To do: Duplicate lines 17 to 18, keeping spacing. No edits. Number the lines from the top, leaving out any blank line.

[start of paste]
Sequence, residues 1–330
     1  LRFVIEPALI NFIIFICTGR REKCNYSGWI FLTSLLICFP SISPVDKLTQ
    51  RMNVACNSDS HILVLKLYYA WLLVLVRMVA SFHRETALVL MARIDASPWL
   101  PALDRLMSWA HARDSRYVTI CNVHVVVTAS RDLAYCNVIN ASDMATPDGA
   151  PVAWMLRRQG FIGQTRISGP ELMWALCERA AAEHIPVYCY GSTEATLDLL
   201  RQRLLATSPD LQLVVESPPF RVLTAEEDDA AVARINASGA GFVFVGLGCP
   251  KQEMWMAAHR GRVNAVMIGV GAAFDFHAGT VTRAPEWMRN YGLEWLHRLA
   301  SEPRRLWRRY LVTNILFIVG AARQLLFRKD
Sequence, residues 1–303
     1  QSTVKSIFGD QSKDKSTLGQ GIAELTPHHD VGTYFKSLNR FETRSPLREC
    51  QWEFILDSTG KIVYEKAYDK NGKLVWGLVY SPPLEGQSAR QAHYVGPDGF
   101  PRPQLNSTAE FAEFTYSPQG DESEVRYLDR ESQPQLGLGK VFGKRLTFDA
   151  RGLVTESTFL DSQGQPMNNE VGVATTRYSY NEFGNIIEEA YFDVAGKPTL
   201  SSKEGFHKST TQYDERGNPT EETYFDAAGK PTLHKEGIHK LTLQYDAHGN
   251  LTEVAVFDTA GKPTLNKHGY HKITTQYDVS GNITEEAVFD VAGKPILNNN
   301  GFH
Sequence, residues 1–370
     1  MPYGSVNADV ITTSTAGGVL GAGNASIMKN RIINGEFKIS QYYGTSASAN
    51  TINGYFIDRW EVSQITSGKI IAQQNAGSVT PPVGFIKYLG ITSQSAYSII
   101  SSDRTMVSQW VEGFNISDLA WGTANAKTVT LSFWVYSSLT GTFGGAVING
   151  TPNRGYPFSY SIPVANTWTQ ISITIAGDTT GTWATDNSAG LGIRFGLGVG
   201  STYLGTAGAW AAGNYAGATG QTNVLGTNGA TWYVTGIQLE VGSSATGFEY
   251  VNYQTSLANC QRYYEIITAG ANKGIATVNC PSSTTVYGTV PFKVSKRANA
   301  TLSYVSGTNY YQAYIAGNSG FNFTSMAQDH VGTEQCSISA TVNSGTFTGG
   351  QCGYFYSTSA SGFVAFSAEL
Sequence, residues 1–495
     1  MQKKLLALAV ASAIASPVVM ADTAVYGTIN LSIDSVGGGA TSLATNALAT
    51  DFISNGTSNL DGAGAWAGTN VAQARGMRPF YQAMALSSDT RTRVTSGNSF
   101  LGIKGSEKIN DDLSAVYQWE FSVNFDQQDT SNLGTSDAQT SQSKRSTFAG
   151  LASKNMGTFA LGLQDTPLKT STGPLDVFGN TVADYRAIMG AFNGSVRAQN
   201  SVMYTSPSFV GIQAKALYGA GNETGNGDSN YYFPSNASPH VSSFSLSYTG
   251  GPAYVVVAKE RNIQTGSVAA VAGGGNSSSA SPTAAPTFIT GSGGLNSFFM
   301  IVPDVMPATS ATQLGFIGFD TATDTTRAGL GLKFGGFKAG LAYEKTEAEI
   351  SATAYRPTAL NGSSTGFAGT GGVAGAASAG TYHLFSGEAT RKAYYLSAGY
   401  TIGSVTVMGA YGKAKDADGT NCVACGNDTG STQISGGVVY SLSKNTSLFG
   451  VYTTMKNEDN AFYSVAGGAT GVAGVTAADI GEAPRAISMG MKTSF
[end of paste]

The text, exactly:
Sequence, residues 1–370
     1  MPYGSVNADV ITTSTAGGVL GAGNASIMKN RIINGEFKIS QYYGTSASAN